Nov
03

Congress and anti-bullying legislation: useless AND discriminatory?

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A recent article in EdWeek shared how the fight against bullying is moving into Congress.  Many people wcongress debates bullying lawould likely cheer that our Federal lawmakers are now taking on the problem of bullying (quick editorial: is it me, or do you find it ironic that CONGRESS is trying to enact laws against bullying…”do as I say?…”)

However, I don’t think this is a reason to get excited, for several reasons:

  • How effective do you really think a federal law against bullying is going to be in stopping the problem? As of this writing 46 states already have laws on the books addressing this issue (for more on this see “You Can’t Bully Me, It’s Against the Law!!”)
  • What is the purpose of this legislation? According to the EdWeek article this legislation is intended to “…protect students from bullying and harassment that would apply to every school and district in the country.”  How, please, explain, HOW will legislation do that? By calling for schools and districts to have policies in place, establish reporting and consequences for violation.  Swell. We have that. What good does it actually do? How did THAT help the 34 kids who killed themselves because of bullying last year?
  • In this proposed legislation, there is a recommendation that special language be included to address bullying of LGBT students. WHY? Yes, the data shows that a high percentage of LGBT students are harassed and bullied. But, news flash: so are non-LGBT kids.  Are you saying, Congress, that students that have alternative sexual preferences are somehow more “special” or deserving of protection than other children? Are you not, then, in fact, discriminating against those children who are unfortunate enough to not fall into your “special categories?”

Let me make the point: bullying is an equal opportunity epidemic. According to Minnestoa Senator Al Franken, 9 out of 10 LBGT students are harassed or bullied.  Ok, that’s a high percentage, I agree. Further, one third of LGBT students report skipping school because they are afraid or don’t feel safe.  Overall, in our nation, over 160,000 kids miss school each day. I’d be interested to see what the percentage of LGBT students are in that 160,000. My guess is that these students make up the minority of kids overall who are scared. Certainly there are more “mainstream” students than there are LGBT, so one could argue that we have MORE mainstream kids to protect than LGBT kids.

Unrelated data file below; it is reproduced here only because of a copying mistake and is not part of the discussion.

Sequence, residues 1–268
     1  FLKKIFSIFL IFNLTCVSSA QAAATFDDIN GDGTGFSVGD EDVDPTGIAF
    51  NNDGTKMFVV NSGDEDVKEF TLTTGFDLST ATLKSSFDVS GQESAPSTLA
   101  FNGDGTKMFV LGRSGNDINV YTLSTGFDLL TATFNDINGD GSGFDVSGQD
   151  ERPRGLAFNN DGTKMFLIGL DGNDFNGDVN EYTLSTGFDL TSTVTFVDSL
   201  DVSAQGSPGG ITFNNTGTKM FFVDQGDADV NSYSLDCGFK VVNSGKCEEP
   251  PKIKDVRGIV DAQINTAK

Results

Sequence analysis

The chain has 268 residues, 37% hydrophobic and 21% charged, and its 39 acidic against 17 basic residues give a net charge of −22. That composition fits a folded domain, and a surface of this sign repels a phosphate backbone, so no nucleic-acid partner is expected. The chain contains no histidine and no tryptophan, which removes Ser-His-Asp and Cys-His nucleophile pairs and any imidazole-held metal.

We have to get to the real issue here: we need to solve bullying — for all kids, not just LGBT.  Bullying happens because of issues of power. The students who are bullied are picked on because they are PERCEIVED to be different.  Those “differences” can be real — they can be LGBT students, for example. Maybe the student is fat, or skinny, or is poor and doesn’t wear the trendy clothes. But the differences can also be just perceptions: the “smart” kid gets picked on because he or she makes the others feel inadequate or dumb. They pick on a child of German descent, calling him a “Nazi,” or a Muslim student for being a “terrorist.”

The sad truth is that laws will NOT protect kids from bullyingThey are just more “feel good” efforts that cost a lot of money and don’t change the culture. Changing the culture is what will reduce the bullying problem, but we are reluctant to embrace and act on change. CHANGE requires effort. It requires DOING.  Once this Congress pats itself on the back saying “job well done” when it passes this law, who will be there to ensure that it is effective and meets its purpose?  How will this “law” ensure that schools have both the funds and the incentive to put programs in place that have an effect on the culture and prevent bullying for all kids?

When the biggest complaint schools have is that “we can’t afford to do more,” how is all this time, money, and effort spent in the hallowed halls of Congress going to help THAT?

Guess this is just another case of “Your Tax Dollars at Waste.”

 

 

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Categories : bullying

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